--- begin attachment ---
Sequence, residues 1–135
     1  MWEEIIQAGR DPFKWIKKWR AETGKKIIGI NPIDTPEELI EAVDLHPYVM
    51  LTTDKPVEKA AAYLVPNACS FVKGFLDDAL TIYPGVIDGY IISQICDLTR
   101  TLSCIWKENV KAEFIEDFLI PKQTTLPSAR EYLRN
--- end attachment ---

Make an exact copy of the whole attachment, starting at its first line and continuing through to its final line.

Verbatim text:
Sequence, residues 1–135
     1  MWEEIIQAGR DPFKWIKKWR AETGKKIIGI NPIDTPEELI EAVDLHPYVM
    51  LTTDKPVEKA AAYLVPNACS FVKGFLDDAL TIYPGVIDGY IISQICDLTR
   101  TLSCIWKENV KAEFIEDFLI PKQTTLPSAR EYLRN